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  1. #1
    Member GeekQuad's Avatar
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    Does it look badly to use the ul tag to map out a navigation menu? What about surrounding the nested li tags with divs so that each menu button has a separate CSS formatting?

    If it does look badly, what are some technics that are considered "best practice" for making navigation menus?

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  3. #2
    WDF Staff mlseim's Avatar
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    That the menus are easy to use, work with or without javascripting or flash, render properly for accessibility (like screen readers for the blind), and link to pertinent content.

    Test your site out with many different people. If it takes anyone more than 5 seconds to
    figure-out how to navigate your site, start over. You'll quickly discover any problems you have ...
    such as poorly positioned for some browsers, or some screen sizes, hard to read, hard to click,
    poorly worded. If you have to tell people how to navigate, you've failed already.

    How you make the menu happen (the scripting, graphics, coding) ... whatever you do is fine.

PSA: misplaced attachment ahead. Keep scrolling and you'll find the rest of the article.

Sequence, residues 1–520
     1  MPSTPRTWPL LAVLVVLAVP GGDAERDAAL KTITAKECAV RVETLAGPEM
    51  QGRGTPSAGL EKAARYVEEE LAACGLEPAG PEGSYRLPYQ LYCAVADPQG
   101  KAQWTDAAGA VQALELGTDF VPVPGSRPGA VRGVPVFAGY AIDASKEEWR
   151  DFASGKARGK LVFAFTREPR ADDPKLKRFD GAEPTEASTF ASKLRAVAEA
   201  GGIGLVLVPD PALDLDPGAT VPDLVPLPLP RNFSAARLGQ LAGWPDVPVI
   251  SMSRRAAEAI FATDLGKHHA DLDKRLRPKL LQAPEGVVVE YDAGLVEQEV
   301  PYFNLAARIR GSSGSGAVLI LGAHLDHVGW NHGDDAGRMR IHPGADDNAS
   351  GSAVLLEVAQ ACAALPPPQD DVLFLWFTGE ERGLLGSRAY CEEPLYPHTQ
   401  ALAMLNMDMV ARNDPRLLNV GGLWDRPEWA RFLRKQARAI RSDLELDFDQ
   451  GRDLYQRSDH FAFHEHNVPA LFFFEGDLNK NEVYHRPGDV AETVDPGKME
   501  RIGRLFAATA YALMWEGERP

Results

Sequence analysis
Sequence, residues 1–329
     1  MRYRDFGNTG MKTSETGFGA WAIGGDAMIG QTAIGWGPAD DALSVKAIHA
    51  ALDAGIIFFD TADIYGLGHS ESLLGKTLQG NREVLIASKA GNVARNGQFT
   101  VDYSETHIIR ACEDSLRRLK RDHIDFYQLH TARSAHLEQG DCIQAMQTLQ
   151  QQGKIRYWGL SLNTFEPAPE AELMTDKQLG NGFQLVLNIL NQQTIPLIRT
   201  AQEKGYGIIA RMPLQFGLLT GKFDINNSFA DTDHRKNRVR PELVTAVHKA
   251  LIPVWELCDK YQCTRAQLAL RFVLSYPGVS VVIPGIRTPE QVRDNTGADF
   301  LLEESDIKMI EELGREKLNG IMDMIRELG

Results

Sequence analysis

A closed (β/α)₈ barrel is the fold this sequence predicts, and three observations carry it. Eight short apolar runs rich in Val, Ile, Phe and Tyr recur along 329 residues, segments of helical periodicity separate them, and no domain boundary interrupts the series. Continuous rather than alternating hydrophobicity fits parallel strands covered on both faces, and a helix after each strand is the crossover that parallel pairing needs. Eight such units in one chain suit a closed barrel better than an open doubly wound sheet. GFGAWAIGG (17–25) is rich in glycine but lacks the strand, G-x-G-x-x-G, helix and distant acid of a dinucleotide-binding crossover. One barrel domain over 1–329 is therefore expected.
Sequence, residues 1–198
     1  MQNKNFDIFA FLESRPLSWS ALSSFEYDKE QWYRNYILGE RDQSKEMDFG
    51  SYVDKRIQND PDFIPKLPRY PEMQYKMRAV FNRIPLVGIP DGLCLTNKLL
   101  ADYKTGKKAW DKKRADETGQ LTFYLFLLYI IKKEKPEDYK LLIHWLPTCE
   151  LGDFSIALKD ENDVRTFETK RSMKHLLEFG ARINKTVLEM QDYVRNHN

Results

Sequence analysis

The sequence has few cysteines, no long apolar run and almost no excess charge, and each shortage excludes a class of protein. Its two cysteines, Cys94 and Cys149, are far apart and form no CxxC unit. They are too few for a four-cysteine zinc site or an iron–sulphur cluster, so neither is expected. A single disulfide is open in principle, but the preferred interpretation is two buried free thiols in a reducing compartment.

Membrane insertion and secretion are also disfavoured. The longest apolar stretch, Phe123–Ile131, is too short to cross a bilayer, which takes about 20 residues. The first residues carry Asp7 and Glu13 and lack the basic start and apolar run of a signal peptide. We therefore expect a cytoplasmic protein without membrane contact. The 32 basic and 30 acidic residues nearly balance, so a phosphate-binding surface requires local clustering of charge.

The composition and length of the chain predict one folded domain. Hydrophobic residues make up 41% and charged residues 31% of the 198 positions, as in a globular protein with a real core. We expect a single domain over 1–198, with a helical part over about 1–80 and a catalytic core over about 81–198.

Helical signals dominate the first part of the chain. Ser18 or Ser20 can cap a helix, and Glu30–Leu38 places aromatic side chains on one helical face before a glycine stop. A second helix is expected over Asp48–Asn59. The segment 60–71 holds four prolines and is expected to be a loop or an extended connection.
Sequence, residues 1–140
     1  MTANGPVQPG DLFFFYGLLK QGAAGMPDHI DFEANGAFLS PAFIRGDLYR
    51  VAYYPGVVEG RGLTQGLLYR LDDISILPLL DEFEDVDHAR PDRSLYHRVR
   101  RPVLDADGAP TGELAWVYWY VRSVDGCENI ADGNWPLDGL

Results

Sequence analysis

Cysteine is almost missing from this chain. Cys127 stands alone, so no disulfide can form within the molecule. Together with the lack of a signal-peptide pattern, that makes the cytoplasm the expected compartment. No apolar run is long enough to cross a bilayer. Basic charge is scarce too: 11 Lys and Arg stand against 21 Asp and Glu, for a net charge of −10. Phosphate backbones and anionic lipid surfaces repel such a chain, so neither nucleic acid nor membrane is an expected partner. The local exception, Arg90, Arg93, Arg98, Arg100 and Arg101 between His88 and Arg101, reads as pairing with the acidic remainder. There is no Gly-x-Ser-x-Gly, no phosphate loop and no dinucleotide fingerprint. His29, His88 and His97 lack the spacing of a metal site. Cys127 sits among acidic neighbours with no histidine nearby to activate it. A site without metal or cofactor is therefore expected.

GeekQuad likes this.


  4. #3
    WDF Staff AlphaMare's Avatar
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    Quote Originally Posted by GeekQuad, post: 221707
    Does it look badly to use the ul tag to map out a navigation menu? What about surrounding the nested li tags with divs so that each menu button has a separate CSS formatting?

    If it does look badly, what are some technics that are considered "best practice" for making navigation menus?
    You don't have to make each <li> a <div> - make classes for them instead, if you want them to be differently styled.

    <ul id="nav">
    <li class="button1"><a href="whatever.html"> </a> </li>
    <li class="button2"><a href="whatever.html"> </a> </li>
    <li class="button3"><a href="whatever.html"> </a> </li>
    <li class="button4"><a href="whatever.html"> </a> </li>
    <li class="button5"><a href="whatever.html"> </a> </li>
    </ul>
    GeekQuad likes this.
    Good design should never say "Look at me!"
    It should say "Look at this." ~ David Craib


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